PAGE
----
I think there’s something else to this as well. I feel like you keep coming back to the idea of using martial arts to win a full-contact, no-holds-barred style competition (whether MMA or not). The thing is, different people have different goals. And different instructions are more or less useful for reaching those goals. If my goal is to win MMA fights, then I’ll want to train in a system to help me with that. If my goal is to win an Olympic TKD medal, then training in MMA won’t help me one lick. Training to chase that TKD medal will mean I’m not a well-rounded fighter, but it will help me achieve my goal.

      Like I said in the article, “No martial art is good or bad by itself. Only people are good or bad at achieving certain goals or objectives using the instructions they learned from that martial art.”

    • Jay Lee

      If you’re talking purely about application in MMA sport, then I think MMA training (ie, learning the basics of several styles and then learning how to integrate them into a coherent game plan) is by far the best method for the average student. The styles you choose to base your game around will differ for each student, but in modern MMA, wrestling, boxing, and kickboxing are by far the most commonly seen.

      If you’re talking about a single style or sport and its application in MMA sport, and you disallowed any learning of other styles, then BJJ is the most efficient art to learn for the average student.

      If you’re talking about which style is commonly seen on display in MMA sport, it’s definitely not taekwondo…but it sure as heck isn’t BJJ either! It’s true that every MMA fighter must have a basic understanding of BJJ, whereas they don’t need to have a basic understanding of non-Thai kicks. However, the amount of actual BJJ we see in high level MMA competition is minimal, because the rules strongly encourage the bottom player to stand up instead of continuing the grappling exchange.

      If you’re talking about self defense, and don’t restrict yourself just to MMA rules, then you have to take into account the specific situation. For example, multiple attackers would be a bad situation to try ground grappling. Alternatively, if your hands are not very sturdy, then throwing punches to the head without any wrist wraps could be a terrible idea. I personally believe avoidance, deescalation, and knowing when to run is by far the best strategy for self defense. Firas Zahari, the head coach of Tristar (one of the premier MMA training centers), believes pepper spray is the best way to defend against multiple attackers.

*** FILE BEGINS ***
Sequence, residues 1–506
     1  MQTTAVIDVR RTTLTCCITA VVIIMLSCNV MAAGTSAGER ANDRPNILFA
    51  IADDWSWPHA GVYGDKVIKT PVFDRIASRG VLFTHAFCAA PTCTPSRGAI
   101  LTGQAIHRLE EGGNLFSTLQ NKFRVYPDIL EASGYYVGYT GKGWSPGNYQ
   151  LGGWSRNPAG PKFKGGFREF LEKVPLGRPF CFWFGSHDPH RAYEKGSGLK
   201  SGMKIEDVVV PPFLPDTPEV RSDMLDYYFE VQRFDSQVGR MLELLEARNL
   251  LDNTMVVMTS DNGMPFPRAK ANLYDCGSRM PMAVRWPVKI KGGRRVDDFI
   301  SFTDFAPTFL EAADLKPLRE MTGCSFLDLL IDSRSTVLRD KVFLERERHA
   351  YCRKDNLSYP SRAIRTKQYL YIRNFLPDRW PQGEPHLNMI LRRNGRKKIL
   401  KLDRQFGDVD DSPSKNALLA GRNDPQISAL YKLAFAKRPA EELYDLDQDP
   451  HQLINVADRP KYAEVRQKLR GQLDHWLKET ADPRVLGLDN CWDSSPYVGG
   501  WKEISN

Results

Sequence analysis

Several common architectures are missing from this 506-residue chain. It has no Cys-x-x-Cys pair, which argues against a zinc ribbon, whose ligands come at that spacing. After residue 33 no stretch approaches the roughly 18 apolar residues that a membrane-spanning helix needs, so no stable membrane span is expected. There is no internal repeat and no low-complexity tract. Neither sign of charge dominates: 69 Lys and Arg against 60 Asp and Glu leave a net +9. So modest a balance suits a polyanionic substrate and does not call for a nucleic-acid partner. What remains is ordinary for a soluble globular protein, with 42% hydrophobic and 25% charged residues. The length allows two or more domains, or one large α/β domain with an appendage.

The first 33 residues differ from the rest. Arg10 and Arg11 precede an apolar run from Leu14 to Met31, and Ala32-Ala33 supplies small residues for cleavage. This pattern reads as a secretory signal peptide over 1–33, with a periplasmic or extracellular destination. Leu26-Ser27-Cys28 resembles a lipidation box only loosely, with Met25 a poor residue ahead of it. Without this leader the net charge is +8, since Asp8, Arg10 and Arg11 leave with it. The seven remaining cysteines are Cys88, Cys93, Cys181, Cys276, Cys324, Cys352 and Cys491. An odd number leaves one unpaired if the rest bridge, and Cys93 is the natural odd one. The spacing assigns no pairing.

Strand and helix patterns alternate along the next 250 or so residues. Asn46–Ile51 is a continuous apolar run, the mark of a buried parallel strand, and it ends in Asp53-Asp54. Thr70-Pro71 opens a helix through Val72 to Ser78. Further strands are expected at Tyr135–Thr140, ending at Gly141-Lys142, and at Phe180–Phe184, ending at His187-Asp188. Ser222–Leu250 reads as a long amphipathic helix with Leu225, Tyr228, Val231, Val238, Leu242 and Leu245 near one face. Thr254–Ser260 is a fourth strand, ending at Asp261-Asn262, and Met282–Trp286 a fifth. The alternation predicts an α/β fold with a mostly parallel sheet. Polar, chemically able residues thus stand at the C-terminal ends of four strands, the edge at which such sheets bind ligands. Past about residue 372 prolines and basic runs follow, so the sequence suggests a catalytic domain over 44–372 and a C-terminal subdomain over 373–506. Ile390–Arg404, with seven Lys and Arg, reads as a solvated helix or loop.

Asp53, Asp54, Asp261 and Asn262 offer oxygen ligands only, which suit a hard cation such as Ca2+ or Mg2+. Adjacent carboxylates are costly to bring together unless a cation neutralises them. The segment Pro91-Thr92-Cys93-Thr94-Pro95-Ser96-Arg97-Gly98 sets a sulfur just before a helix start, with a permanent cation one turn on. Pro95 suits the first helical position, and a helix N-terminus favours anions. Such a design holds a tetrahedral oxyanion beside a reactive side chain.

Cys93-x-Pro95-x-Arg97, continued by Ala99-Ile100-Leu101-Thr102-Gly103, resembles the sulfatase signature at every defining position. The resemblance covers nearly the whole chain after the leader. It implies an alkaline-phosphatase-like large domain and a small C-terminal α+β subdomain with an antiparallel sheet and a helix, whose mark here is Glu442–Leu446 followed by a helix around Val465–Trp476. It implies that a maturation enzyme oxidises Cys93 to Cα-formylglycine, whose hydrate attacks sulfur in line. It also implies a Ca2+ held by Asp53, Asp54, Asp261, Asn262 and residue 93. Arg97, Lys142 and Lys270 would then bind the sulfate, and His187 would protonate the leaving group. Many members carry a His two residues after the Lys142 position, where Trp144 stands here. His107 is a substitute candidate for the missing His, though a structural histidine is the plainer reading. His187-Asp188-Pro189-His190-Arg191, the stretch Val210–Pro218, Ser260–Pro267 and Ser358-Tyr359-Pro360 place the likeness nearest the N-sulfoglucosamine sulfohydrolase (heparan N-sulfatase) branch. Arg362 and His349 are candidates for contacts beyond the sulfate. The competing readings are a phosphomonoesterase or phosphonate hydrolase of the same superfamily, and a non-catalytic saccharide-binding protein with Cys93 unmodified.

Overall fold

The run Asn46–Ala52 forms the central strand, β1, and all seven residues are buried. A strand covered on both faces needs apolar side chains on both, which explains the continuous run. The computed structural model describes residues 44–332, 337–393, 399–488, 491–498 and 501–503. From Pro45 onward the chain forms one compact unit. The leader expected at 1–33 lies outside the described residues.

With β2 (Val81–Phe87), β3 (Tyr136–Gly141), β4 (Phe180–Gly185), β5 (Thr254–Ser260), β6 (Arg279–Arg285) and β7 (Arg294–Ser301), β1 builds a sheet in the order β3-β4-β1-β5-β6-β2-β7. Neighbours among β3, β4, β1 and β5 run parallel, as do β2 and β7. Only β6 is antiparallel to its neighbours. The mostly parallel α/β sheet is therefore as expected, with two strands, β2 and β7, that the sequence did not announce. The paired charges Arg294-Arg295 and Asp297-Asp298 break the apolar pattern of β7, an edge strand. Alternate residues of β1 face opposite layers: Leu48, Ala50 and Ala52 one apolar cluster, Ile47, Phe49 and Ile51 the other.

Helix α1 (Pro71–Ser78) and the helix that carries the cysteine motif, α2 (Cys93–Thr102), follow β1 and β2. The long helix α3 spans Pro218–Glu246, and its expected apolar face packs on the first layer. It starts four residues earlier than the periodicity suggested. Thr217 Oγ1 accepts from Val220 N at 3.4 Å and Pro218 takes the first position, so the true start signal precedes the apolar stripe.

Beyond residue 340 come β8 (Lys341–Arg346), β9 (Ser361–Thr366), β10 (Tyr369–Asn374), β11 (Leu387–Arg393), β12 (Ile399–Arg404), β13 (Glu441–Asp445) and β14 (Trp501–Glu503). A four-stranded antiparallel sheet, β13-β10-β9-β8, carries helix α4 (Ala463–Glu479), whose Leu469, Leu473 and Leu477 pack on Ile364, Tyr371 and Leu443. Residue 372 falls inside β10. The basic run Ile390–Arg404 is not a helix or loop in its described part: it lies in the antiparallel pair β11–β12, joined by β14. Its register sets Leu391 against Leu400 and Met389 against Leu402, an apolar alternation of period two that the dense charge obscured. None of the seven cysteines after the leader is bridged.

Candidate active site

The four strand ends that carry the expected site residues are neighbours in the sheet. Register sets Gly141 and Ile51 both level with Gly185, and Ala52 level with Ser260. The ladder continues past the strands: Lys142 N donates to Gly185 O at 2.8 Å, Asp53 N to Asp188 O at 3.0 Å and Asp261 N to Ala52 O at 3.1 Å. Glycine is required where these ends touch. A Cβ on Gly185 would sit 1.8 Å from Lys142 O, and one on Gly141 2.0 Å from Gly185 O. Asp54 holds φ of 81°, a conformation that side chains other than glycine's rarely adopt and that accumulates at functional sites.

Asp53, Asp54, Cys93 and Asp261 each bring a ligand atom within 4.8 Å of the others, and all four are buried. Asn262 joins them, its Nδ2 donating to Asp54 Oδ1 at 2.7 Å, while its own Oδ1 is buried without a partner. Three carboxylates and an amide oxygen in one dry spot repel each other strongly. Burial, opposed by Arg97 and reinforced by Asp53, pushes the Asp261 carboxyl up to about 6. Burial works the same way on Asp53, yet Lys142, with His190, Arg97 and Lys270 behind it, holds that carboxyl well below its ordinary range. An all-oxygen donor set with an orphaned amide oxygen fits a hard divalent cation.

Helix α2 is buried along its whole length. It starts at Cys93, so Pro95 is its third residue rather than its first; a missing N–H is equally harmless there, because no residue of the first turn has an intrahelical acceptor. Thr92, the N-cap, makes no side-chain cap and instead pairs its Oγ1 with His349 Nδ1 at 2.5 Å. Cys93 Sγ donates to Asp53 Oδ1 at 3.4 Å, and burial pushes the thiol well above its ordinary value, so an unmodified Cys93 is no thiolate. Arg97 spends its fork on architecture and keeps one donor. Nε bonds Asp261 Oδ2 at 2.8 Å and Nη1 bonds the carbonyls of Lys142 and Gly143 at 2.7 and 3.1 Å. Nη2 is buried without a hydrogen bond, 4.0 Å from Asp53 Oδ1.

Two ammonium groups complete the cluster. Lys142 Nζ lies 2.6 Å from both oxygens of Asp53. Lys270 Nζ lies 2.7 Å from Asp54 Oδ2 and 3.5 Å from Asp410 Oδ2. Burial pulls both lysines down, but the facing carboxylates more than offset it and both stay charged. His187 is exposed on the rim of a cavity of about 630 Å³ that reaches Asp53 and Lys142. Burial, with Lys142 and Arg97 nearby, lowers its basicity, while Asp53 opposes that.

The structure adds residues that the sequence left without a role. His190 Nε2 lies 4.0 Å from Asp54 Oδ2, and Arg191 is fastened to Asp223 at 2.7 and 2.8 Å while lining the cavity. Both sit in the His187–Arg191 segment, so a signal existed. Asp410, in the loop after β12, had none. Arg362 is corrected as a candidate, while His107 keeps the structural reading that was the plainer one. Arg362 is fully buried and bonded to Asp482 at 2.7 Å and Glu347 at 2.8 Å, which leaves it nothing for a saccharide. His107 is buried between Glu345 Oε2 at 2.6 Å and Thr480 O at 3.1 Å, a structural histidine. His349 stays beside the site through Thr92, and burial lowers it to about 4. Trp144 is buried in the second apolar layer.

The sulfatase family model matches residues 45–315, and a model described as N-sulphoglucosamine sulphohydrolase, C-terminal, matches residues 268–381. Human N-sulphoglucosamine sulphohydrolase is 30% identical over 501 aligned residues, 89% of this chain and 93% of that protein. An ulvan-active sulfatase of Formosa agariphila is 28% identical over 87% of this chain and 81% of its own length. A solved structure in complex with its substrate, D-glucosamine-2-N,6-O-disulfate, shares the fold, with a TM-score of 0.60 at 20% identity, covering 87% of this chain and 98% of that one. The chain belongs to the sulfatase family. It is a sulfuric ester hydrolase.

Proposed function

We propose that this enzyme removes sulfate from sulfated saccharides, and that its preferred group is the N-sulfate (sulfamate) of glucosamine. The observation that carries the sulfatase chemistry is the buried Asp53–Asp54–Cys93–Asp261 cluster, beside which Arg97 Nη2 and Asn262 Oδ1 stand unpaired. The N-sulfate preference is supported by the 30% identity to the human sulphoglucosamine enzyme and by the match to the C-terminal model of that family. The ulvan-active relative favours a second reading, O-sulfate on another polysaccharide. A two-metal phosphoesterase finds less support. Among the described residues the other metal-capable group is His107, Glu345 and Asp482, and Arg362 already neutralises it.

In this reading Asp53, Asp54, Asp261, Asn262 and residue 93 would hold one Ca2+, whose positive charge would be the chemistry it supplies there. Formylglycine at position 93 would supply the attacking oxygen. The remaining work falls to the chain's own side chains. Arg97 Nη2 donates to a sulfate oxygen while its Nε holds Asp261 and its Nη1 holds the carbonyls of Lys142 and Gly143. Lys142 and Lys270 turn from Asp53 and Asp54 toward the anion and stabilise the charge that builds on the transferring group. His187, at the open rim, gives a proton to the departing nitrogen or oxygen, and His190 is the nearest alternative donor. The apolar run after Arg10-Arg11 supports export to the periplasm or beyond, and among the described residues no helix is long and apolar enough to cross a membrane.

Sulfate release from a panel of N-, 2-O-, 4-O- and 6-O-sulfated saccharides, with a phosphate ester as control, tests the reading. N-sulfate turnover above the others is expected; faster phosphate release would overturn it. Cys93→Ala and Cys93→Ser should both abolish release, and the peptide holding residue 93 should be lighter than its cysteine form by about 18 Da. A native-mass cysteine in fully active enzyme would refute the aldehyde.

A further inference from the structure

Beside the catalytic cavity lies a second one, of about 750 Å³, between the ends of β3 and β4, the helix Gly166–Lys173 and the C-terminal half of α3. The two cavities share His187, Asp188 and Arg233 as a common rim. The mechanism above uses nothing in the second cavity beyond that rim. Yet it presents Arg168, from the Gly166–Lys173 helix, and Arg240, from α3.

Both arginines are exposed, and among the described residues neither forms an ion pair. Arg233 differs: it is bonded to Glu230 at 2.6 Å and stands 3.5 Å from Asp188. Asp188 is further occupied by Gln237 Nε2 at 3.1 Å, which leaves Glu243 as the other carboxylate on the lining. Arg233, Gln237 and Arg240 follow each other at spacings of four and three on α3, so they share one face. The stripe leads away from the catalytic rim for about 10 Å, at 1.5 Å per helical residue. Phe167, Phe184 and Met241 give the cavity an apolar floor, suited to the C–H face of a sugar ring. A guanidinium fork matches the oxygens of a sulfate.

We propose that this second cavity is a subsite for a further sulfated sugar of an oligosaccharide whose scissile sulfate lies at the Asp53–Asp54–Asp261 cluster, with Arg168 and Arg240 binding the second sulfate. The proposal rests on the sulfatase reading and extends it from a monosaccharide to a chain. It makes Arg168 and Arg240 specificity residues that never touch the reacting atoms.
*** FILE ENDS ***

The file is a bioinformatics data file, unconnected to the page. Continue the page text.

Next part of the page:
Anyways, none of those addresses whether a martial art is “better” in a holistic sense. Under a very specific scenario, such as “using one style to compete under MMA rules, and you aren’t allowed to learn other styles”, it’s possible to say BJJ is better at achieving that objective. But not everyone learns martial arts for something other than self defense or competing in MMA. In fact, I would say MOST people who train martial arts (BJJ, wrestling, or otherwise) will never compete in MMA, and if they’re smart, they will be able to avoid any self defense situation.

      I’ve trained and competed in combat sports all my life, including BJJ, and have coached amateur athletes as well. I also serve as a training partner for professional MMA athletes preparing for fights. I just started training taekwondo as a white belt because my son loves it, and it’s a way for me to spend time with him doing an activity we both enjoy. That’s way more important to me than whether it will help me survive a one-on-one encounter with an unarmed aggressor where no one else is around to help me out (the main self defense scenario where BJJ is useful). I still actively compete in BJJ tournaments, but I don’t consider it “better” than taekwondo. After all, BJJ isn’t something I can enjoy with my son at his age.

      While taekwondo will be ineffective in an MMA setting without learning other skills to support it, the kicks can be incredibly effective when it’s incorporated with other attacks. That’s especially true now, because most people don’t understand non-Thai kicks and therefore don’t know how to defend them. Ryan Hall, an accomplished BJJ athlete and UFC athlete, dominated Gray Maynard with a gameplan centered around the kicking strategy of American karate (roundhouse, side kick, and hook kick, all thrown from the same stance), and then diving to guard once Gray tried to close to the distance to punch him. Yair Rodriguez, the best taekwondo stylist in the UFC now, probably throws more non-Thai kicks (side kicks, spinning kicks, sacrifice kicks, etc) than he throws jabs. His opponents, accustomed to kickboxing range, have no idea what to do when someone attacks primarily from kicking-only range. Conor McGregor throws front snap kicks, double kicks, side kicks, hook kicks, spinning back kicks, and spinning wheel kicks (all non-Thai style) in greater frequency than he throws his left leg roundhouse. The reason why he throws so many spinning kicks is because people try to circle to his right to avoid his left hand; after he throws a few spinning kicks, they stop circling so eagerly.